The building was built at the start of the 20th Century and since then has been the political centre of Copenhagen. Its quite big and majestic from the outside and if u wish u can go in and have a look around n inside. The clock tower stands at 106m but the clock was placed in the tower in 1955. What purpose did it serve prior to that???? They also offer guided tours in the hall but I didnt atend one. Oh...and free washrooms as well.
On the right side of the building is Hans Christian Andersen Boulevarden and a statue of the great writer who gave us fairy tales like The Little Mermaid, Thumbelina, The Ugly Duckling, The Emperor's New Clothes and many more.
The bronze statue has shining thighs due the no of people who insist on sitting in it's lap and getting themselves clicked. Thanx to those bottoms at least something is shining.
Next up was the Amalienborg Palace. It consists of 4 seperate buildings, Christian VII, Christian VIII, Frederik VIII and Christian IX's Palace, built in rococo style and is where the Danish Royal family live. The equestrian statue in the middle of the square is Frederik V, the founder of Amalienborg. The Armaliemborg palaces have been home to the royal family since 1794 when the Christianborg Palace burnt down.
The Palace is guarded by the royal guards in their furry bear skin hats and once a day there is a changing of the guard at noon. The Royal Guards leaves the Rosenborg Castle at 11:30am in route to Amalienborg. Aftewards, the guard returns to Rosenborg. If the Queen is in the palace there is a band which accompanies the guards. Sadly, the Queen chose to be away when I paid her a visit... Can you believe that??? :-D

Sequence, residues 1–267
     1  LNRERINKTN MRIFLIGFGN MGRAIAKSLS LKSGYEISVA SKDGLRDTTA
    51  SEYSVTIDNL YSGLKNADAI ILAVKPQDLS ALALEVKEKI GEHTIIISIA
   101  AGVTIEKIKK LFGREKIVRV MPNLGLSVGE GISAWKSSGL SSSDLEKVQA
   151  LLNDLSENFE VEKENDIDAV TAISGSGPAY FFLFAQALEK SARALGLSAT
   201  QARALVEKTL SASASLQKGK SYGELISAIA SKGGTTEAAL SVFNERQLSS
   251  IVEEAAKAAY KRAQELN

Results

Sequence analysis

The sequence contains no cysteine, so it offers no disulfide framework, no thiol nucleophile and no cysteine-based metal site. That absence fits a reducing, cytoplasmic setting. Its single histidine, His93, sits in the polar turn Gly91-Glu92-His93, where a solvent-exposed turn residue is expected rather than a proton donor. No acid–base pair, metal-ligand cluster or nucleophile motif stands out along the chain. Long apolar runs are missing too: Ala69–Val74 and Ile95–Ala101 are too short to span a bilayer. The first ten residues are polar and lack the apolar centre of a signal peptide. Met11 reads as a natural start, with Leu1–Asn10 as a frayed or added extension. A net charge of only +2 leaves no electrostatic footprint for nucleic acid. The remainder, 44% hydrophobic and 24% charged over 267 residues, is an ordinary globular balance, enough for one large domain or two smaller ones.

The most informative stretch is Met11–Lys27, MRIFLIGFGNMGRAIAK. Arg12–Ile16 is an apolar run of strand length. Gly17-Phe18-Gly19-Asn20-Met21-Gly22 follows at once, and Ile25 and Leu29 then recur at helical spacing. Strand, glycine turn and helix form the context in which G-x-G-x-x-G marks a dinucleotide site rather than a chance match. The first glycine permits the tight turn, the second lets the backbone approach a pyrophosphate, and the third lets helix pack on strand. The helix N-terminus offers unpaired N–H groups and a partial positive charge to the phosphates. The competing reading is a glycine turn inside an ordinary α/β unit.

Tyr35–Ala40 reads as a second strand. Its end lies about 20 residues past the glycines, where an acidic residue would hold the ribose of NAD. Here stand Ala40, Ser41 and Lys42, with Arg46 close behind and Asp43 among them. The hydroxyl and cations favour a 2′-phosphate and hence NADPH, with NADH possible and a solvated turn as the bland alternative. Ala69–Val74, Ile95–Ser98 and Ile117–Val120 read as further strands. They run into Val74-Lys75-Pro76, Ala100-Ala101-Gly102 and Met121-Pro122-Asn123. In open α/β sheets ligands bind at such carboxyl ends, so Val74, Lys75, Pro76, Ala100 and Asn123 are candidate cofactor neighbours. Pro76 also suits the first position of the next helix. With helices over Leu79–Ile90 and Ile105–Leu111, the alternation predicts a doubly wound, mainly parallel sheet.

On one end of the square is Frederiks Kirke (Frederik’s Church) and on the other end is a beautiful fountain which overlooks the water front.On the other end of the water front is the Copenhagen Opera House designed by tbe Danish architect Henning Larsen (BTW Sydney opera House is also designed by a Danish architect Jørn Utzon).
The next thing I visited is a symbol of Denmark and something u would have def heard about - Den Lille Havfrue or The Little Mermaid... now fellas... the key word here is 'Little'.. believe me... its hardly noticeable..blink-and-you-will-miss-it types.
The little Mermaid sits at the waters edge with her back to the sea. This statue was inspired by The Little Mermaid fairy Tale by Hans Christian Anderson. The statue, made by artist Edvard Eriksen using his wife Elaine as the model, is made of bronze and was erected in 1913. A gift from the brewer Carl Jacobsen, of Carlsberg fame, to the city. The little one has suffered a tough life I must say. She has been decapitated twice and been covered in paint several times. Did someone say 'Living Dangerously’?
The next stop was Vor Frue Kirke (Church of Our Lady). This church is one of the most sober and simple one I have visited so far and yet so beautiful and impressive. The present church is the sixth to be built on the same site. After the fifth church was burned down during the bombardment of the town in 1807 the architect Christian Friedrich Hansen created the present classical building in 1811-29.
It has a two-storeyed interior. Behind the altar is Thorvaldsen's figure of Christ and along the walls the Twelve Apostles (on plinths). The church has witnessed many royal weddings and crownings, the latest being the marriage of The Crown Prince Frederik and his lady love (now the) Crown Princess Mary on May 14, 2004.